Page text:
There are people who swear by the effects of antioxidants for everything from anti-aging to protection from cancer – whether or not science supports these claims. Now, a new study found that the tiny molecules may even boost the chances of making a baby.
Researchers from the University of Auckland in New Zealand reviewed 34 clinical trials that involved more than 2,500 couples undergoing infertility and subfertility treatments, including in vitro fertilization and sperm injections. The retrospective analysis found that men taking antioxidant supplements were more than four times more likely to get their partners pregnant than men who did not take the oral antioxidants. The antioxidants were associated with more than a five-fold higher rate of live births
"When trying to conceive as part of an assisted reproductive program, it may be advisable to encourage men to take oral antioxidant supplements to improve their partners' chances of becoming pregnant," said lead researcher Marian Showell of the University of Auckland in New Zealand in a press release.
Is this reason to run to the health food store? Not so fast.
The researchers said further information is needed to confirm the findings. And some fertility doctors dismissed the study entirely, discouraging patients from putting all their eggs into the antioxidant basket.
"To suggest that the use of antioxidants alone without correction of the primary cause of seminal dysfunction without treatment of the primary cause is not appropriate," said Dr. Lawrence Ross, professor of urology at the University of Illinois at Chicago.
Dr. Sherman Silber, director of the Infertility Center of St. Louis, had even stronger words.
"This is all trash," said Silber. "[Antioxidants] will not help. They will only delay while the wife's eggs get older. So, this will hurt rather than help by delaying IVF for a male treatment that does not work."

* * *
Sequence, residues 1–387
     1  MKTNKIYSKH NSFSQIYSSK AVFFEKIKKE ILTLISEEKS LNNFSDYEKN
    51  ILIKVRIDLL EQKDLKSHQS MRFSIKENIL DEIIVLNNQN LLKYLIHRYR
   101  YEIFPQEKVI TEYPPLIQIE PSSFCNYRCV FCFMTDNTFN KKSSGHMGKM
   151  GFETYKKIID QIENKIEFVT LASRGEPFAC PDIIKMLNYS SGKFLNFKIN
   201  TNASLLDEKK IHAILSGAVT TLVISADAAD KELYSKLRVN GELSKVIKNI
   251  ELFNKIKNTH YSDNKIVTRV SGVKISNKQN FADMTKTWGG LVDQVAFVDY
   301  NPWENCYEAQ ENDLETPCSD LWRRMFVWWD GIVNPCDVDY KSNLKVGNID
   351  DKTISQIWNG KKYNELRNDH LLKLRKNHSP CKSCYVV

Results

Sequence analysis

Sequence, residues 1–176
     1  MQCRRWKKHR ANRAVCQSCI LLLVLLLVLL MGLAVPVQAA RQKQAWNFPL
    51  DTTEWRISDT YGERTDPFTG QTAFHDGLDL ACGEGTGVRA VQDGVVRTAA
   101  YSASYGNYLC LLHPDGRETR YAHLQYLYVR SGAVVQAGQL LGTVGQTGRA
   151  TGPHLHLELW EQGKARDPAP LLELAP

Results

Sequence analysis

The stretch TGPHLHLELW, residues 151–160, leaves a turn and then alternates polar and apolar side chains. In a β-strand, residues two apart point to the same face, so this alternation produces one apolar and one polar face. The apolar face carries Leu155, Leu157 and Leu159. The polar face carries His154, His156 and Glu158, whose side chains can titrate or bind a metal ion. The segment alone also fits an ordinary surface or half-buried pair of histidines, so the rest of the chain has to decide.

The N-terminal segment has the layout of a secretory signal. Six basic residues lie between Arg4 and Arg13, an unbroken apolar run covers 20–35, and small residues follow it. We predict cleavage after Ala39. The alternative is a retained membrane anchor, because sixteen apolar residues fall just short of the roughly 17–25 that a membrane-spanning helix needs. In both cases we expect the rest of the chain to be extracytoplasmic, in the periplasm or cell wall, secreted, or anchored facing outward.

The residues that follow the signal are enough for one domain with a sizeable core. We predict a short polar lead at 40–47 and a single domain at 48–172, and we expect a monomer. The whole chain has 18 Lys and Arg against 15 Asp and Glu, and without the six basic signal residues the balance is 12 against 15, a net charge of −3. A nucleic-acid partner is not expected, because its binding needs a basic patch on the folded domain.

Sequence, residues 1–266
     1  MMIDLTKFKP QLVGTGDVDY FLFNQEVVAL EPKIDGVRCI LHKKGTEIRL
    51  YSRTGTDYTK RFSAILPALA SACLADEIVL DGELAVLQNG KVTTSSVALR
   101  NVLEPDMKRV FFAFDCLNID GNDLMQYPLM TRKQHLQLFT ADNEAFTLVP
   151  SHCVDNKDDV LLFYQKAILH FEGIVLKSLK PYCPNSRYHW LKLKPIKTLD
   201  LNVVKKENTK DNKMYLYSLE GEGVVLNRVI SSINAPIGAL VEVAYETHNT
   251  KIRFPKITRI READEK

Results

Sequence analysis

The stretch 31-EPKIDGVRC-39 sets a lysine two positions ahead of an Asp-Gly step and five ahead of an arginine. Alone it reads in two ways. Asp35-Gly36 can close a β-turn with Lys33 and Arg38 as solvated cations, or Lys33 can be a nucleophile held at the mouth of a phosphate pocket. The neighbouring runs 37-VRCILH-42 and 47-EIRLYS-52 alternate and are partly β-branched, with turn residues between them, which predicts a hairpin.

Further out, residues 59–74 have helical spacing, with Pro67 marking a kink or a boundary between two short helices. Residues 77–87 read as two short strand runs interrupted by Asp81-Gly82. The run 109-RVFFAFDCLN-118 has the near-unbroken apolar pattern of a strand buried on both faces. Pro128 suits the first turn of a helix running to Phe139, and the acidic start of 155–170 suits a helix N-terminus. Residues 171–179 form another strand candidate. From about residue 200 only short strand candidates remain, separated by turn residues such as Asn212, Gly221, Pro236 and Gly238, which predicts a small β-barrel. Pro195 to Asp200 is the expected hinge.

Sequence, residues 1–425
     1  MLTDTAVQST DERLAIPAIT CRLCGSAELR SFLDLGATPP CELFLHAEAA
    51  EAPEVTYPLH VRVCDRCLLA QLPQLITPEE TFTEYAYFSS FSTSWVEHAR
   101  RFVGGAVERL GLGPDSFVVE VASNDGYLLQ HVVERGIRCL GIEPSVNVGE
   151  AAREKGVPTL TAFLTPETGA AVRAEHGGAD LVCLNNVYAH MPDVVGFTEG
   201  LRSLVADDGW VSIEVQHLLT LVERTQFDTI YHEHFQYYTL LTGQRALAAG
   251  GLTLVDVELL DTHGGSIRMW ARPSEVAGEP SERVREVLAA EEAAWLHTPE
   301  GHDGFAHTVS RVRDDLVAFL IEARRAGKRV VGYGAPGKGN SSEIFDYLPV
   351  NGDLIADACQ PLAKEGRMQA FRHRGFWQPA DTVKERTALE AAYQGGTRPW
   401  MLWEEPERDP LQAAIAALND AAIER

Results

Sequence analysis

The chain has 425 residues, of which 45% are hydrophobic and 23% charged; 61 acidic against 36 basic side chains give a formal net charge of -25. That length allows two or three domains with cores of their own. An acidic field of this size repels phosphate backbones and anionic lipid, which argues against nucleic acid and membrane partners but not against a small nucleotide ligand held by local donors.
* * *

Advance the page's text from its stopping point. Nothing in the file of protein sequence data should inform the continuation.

Not only did doctors find the results questionable, but other doctors found the study's methodology and numbers questionable. Of the 34 studies analyzed, not one had more than 1,000 study participants. Some trials had as few as 10 participants.
Only three of the studies provided data on the potential benefit of antioxidants on live births, and one of those three had a total of only one delivery. Several different antioxidants, including vitamins E and C, zinc, and even garlic were analyzed in the studies. It is unclear which antioxidants were the most and least beneficial.
"The vast majority of [the] studies assessed were a hodgepodge of small studies with a non-standardized male factor evaluation," said Dr. Edward Kim, president of the Society for Male Reproduction and Urology and a professor of urology at the University of Tennessee Graduate School of Medicine. "The true benefit of antioxidant therapy is still yet to be determined."
Many fruits and vegetables are rich in antioxidants. Some with the highest levels include cranberries, blueberries, blackberries, beans, artichokes and Russet potatoes.